U of T student calls for Disability Studies program

In response to U of T’s lack of a dedicated disability studies program, a student has started a petition to establish one that would be on par with those of universities across the country. The petition has received over 200 signatures in less than two weeks.
Full article from the Varsity Newspaper after the read more button.

UTM student Marianna Figueiredo began the petition on November 15 in an effort to get Governing Council’s attention. Governing Council is the highest decision-making body at the university.

Figueiredo explained in the petition that she has cerebral palsy and decided to enrol in courses focused on intersectionality.

“But, I noticed that disability was absent in nearly all of them at UofT, but not for my friends at other universities whose courses considered disability in both the sociological and [criminological] respects,” wrote Figueiredo.

According to U of T spokesperson Elizabeth Church, the university offers “a number of opportunities for students interested in studying disability issues.”

“The Faculty of Arts and Science has an Equity Studies program offered in association with New College, where undergrads can take a core group of disability studies courses,” wrote Church in an email to The Varsity.

For Figueiredo, the petition is a way to demonstrate to Governing Council and the provost that there is a need for a designated Disability Studies program through numbers and support.

According to Church, proposals for any changes to programs or new programs emerge from discussions within departments or faculties.

“There is a rigorous development and approval process, which includes consultation with programs and units, students, and others,” wrote Church.

Course offerings at U of T

The Equity Studies major or minor programs offer courses such as NEW240: Introduction to Equity Studies and NEW341: Theorizing Equity.

While there is no separate disability studies program, there is a disability studies stream within the Equity Studies program. The university also offers a few disability related classes, such as JNS450: Sexuality & Disability, NEW349: Disability and Representation, and NEW448: Advanced Special Topics in Disability Studies.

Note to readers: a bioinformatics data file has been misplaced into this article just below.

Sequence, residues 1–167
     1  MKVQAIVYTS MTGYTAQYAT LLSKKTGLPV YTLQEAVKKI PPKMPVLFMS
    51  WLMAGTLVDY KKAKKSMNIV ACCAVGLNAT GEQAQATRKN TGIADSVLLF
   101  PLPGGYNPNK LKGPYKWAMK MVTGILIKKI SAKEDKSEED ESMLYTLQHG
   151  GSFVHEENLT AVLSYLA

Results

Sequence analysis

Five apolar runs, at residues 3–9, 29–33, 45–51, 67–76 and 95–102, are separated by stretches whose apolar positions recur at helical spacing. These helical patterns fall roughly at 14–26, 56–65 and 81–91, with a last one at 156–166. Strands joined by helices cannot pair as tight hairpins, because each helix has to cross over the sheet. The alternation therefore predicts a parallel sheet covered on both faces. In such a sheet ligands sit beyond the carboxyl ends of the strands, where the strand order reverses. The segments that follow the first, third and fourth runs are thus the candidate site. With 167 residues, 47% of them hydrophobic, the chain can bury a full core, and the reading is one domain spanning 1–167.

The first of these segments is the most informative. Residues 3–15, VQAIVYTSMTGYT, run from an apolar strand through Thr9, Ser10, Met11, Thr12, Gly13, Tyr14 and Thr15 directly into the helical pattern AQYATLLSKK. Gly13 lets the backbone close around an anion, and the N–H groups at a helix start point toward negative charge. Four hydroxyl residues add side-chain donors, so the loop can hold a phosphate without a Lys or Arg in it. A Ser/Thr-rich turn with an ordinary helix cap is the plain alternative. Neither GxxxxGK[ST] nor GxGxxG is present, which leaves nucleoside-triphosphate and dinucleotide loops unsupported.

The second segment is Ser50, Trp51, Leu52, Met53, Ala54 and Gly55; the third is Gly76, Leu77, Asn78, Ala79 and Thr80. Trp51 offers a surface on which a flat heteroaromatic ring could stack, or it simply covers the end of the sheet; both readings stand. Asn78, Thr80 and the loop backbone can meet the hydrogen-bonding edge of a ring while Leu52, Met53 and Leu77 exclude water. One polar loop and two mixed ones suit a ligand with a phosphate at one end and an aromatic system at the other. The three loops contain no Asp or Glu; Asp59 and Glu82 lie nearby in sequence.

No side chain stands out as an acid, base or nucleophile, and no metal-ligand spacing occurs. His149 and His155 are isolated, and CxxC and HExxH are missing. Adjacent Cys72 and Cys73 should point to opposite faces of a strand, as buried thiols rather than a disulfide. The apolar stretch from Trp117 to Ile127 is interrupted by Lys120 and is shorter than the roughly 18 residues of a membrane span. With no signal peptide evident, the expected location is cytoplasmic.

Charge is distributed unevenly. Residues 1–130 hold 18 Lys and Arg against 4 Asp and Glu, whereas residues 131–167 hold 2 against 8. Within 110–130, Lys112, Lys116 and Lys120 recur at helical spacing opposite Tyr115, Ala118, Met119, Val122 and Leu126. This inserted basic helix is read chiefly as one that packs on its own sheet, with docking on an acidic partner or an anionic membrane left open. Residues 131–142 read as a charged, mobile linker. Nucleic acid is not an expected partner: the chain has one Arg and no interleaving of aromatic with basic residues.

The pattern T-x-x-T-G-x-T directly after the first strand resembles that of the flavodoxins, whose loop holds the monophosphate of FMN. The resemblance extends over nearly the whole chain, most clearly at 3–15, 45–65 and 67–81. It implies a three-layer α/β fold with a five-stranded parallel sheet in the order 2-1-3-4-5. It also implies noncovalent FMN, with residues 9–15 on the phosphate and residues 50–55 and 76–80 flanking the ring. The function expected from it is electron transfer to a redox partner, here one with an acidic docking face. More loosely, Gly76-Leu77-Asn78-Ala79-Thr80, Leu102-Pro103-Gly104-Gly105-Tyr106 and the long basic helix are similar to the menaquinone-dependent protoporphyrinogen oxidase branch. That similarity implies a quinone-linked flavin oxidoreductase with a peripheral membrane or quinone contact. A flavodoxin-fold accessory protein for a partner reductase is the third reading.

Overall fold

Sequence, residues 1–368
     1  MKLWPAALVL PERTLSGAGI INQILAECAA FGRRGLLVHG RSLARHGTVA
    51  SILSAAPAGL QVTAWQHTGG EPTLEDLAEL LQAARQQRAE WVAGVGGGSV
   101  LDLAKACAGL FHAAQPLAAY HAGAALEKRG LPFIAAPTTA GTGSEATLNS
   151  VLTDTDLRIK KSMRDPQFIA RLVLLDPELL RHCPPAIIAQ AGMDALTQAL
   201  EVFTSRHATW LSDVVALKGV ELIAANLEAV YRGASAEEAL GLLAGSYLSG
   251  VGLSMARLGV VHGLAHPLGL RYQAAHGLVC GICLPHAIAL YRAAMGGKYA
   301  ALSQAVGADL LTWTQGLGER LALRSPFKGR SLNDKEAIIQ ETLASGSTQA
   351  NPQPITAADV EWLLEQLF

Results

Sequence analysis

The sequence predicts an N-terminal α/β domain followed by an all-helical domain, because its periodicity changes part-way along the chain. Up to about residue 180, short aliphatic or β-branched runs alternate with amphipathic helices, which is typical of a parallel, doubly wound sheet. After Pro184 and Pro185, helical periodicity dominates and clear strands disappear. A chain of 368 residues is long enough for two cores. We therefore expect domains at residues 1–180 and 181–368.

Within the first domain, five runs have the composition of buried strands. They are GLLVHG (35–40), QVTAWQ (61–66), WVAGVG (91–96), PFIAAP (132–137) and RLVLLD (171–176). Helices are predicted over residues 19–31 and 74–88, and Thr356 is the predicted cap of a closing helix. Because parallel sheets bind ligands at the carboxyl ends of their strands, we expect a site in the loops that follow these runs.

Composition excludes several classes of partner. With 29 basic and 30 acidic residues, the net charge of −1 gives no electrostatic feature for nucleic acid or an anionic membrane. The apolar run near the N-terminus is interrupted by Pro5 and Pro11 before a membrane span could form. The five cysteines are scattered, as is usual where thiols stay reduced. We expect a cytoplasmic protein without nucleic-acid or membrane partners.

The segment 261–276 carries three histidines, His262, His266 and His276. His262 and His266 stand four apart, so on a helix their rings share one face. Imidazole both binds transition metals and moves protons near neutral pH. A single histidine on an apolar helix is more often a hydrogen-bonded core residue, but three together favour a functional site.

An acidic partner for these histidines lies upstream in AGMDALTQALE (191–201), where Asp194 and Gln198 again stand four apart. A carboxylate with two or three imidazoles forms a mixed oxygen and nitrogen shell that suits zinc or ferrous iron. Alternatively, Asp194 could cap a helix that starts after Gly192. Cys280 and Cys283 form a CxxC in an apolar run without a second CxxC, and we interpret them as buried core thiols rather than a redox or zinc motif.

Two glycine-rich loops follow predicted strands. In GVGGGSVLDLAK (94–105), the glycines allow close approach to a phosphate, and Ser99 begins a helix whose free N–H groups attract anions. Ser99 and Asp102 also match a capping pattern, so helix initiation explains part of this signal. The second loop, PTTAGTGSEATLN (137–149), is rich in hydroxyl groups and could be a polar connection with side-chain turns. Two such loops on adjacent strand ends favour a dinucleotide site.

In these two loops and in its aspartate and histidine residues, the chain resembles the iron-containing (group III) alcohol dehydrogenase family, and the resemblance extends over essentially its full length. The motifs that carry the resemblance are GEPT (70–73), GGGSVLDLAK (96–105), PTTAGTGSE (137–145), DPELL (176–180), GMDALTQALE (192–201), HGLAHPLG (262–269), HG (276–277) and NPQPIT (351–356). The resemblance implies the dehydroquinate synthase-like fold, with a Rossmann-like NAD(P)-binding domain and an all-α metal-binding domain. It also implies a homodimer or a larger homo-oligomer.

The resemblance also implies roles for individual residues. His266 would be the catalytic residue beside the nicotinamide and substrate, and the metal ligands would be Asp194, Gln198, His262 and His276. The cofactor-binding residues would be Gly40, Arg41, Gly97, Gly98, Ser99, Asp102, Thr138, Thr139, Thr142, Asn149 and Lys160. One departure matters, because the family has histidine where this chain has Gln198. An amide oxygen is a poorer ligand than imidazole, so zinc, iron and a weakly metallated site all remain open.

UTM offers courses like PSY442: Practicum in Exceptionality in Human Learning and PSY345: Exceptionality: Disability and Giftedness, which explore various aspects of mental, physical, and learning disabilities. Similar courses also exist at UTSC, such as WSTC40H3: Gender and Disability.

The Social Justice Education program at the Ontario Institute for Studies in Education also offers disability studies opportunities for graduate students.

Other Canadian universities with disability studies programs

The courses offered at U of T pale in comparison to disability studies programs at other universities in Ontario.

“Ryerson, York, Western, Brock and Carleton offer major and minor programs,” wrote Figueiredo in the petition. “The top school in the country is obviously out of touch. This needs to change.”

On a part-time basis, Ryerson University’s School of Disability Studies offers 17 courses at the undergraduate level.

King’s University College at the University of Western Ontario has a Disability Studies program, with major and minor options, that offers 20 courses. Brock University’s Applied Disability Studies program within its Faculty of Social Sciences offers 35 graduate courses and nine elective undergraduate courses. Carleton University undergraduates can enrol in a Disability Studies minor that offers five different courses with two offered by other departments

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